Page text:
Teenage Depression and Suicide:
What are the Warning Signs and How can we Prevent It?
Bob Livingstone, LCSW – Dec 21st 2010
Teenage depression and suicide has been in the headlines lately. Suicide is the third largest cause of death for teenagers behind accidents and homicide. Studies have shown that for every completed suicide, there are twenty-five suicide attempts.
According to a ScienceDaily 2007 article; Following a decline of more than 28 percent, the suicide rate for 10- to-24-year-olds increased by 8 percent, the largest single-year rise in 15 years. Many teenagers who end up attempting suicide have clinical symptoms of depression. These symptoms are: Loss of interest in activities that used to be enjoyable, significant loss or gain in appetite, difficulty falling asleep or wanting to sleep all day, fatigue or loss of energy, feelings of worthlessness or guilt, withdrawal from family and friends, neglect of personal appearance or hygiene , sadness, irritability, or indifference and having trouble concentrating. Other signs that your child may be suicidal are: Drug or alcohol use or abuse, aggressive, destructive, or defiant behavior, poor school performance, hallucinations or unusual beliefs, risk taking behaviors, complains more frequently of boredom, does not respond as before to praise, states that she is thinking of killing herself, gives items away that she treasures, and writes suicide notes.
Teenage depression can be caused by genetic as well as environmental factors. There are two recent studies that we should all pay attention to concerning electronic use and diet. Too much time spent in front of the television or on computer games may seriously affect teens’ mental health, researchers found. The odds of developing depressive symptoms rose with each additional hour of exposure by a significant 8% for TV and 5% for overall electronic media, Brian A. Primack, M.D., of the University of Pittsburgh, and colleagues reported in the February issue of the Archives of General Psychiatry.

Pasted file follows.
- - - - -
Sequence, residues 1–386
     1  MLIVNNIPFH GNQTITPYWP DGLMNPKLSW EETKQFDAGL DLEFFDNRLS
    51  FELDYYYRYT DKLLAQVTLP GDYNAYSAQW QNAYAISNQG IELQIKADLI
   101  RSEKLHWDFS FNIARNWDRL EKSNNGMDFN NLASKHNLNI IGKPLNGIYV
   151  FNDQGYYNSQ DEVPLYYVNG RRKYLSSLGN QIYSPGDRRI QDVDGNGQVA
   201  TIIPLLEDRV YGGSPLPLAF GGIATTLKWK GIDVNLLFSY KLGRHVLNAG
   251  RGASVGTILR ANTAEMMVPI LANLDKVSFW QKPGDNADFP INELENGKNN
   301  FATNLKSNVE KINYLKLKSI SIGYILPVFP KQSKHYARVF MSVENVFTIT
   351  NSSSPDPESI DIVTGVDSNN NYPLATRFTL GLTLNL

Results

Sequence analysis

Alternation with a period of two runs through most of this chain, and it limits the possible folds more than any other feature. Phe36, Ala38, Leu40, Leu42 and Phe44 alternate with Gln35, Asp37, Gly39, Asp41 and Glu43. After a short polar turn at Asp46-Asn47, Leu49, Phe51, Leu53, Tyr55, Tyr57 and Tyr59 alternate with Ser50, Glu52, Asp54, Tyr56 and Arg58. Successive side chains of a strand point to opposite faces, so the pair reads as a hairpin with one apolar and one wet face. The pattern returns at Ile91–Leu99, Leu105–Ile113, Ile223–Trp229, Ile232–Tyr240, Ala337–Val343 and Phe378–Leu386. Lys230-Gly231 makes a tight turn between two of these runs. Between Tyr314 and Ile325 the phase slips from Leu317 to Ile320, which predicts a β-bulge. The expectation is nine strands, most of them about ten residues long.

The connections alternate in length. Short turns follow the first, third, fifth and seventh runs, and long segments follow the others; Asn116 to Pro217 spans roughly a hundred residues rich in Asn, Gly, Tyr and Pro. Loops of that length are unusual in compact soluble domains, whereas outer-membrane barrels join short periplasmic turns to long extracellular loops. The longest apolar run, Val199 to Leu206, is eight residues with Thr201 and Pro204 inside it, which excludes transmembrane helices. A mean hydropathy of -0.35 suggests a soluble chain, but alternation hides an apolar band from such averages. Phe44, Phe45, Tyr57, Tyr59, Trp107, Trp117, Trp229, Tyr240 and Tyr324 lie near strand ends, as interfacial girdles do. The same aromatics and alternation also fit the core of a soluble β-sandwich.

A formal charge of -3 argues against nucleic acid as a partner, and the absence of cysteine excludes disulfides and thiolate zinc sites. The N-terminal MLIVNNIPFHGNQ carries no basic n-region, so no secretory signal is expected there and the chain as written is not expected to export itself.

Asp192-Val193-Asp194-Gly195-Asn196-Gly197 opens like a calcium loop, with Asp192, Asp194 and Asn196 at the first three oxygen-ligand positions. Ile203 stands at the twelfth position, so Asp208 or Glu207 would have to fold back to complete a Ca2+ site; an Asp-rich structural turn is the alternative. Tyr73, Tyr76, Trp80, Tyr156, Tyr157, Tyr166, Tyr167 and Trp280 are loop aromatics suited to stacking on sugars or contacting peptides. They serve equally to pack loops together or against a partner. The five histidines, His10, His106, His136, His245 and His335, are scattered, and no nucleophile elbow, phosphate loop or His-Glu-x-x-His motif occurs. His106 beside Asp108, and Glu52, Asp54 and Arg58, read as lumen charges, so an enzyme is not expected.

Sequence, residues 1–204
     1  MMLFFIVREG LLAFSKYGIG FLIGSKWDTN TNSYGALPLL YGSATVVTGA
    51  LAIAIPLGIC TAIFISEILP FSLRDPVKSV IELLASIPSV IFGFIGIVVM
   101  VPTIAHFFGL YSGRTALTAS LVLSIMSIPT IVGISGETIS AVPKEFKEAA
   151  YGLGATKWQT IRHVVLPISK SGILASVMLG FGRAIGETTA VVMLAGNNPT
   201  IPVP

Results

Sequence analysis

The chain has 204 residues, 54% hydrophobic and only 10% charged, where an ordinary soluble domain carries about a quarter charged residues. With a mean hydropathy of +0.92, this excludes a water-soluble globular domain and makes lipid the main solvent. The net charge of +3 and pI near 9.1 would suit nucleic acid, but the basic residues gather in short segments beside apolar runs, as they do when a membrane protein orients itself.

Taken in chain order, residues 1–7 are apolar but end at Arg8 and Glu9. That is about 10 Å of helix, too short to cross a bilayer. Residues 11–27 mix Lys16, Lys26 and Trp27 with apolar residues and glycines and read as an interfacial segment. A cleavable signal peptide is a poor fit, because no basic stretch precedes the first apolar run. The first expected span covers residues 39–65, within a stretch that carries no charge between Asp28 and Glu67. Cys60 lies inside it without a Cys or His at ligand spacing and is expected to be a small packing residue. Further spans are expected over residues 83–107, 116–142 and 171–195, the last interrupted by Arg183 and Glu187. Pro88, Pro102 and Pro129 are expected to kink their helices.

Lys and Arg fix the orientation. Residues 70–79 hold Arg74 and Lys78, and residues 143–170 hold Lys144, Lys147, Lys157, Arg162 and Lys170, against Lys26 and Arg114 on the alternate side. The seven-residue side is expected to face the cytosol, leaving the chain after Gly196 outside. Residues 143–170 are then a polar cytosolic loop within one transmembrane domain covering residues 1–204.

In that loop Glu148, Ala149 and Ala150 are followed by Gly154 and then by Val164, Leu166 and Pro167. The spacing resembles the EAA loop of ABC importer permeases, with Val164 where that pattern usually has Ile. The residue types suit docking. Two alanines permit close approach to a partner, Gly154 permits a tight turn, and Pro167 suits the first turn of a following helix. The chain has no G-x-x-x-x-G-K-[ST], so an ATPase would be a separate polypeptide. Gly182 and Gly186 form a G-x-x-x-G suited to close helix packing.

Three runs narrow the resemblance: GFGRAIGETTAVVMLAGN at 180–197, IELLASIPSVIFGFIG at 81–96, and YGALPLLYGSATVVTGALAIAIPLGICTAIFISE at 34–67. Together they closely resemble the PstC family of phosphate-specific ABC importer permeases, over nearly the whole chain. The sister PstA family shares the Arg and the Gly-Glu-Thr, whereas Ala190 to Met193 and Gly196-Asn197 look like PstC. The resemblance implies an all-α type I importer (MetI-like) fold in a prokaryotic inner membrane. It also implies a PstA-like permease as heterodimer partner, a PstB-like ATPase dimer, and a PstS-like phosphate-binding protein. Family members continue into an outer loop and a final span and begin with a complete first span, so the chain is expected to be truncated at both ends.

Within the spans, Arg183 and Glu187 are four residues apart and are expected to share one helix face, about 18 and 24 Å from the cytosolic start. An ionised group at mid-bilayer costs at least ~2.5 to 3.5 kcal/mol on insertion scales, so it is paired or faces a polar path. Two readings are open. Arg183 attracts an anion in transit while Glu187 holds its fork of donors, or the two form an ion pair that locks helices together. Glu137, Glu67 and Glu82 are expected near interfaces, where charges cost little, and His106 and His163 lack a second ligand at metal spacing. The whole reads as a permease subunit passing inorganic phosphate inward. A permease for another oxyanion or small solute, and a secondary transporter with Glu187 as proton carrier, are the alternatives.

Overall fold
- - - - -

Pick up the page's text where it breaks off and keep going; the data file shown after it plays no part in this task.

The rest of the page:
A research paper by Australia-based Telethon Institute for Child Health Research, published in the journal Preventive Medicine determined that there was a definite link between teenage depression and the consumption of fast/junk food. Teenagers may also be facing depression because of the intense pressure in their lives to get into the best college because the competition for the job market is so intense in 2009. They take classes to obtain high SAT scores. They not only have to achieve a 4.0 grade point average, but they have to participate in as many extra curricular activities as possible in order to gain admission to top schools.
Teenagers can be impulsive and not think through the possible consequences of their actions. If they feel rejected by their peers and feel devastated over a breakup with a girlfriend, they may become suicidal. They often feel extremely isolated during these periods and don’t reach out to those who can help them. The essence of being a teenager is suffering through mood swings.
These mood swings may be overwhelming at times and negatively effect self-esteem and confidence. Some adolescents also have a negative view of their parent’s lifestyle. Their perception is that their parents are unhappy, materialistic and simply going through the motions. These teens are fearful that they are destined to repeat their parent’s dreary lives and this creates angst and despair.
What can we do to Prevent Teenage Suicide? First of all, determine if your child has any of the symptoms discussed above. If she does, attempt to talk honestly with her about your concerns; that she is showing distinct signs of depression and you are worried about her. Don’t judge her or get angry-this is the time to remain calm.
Be prepared to be shocked and frightened, but do your best not to react. Being calm, compassionate and firm may allow her to open up about what is bothering her. Seek out the name of a psychotherapist who has extensive experience working with teenagers. You can obtain referrals from your family physician, school counselor or friends who are also parents of teenagers. The psychotherapist needs to be willing to work with your family as well as your child.
If your child refuses to go to therapy, take him to the nearest hospital emergency room where he can be assessed for suicide risk. If he refuses to go with after you have tried to convince him by conversing with those he respects, you are left with no other choice but to call the police. This is an extreme measure, but one that could save your child’s life.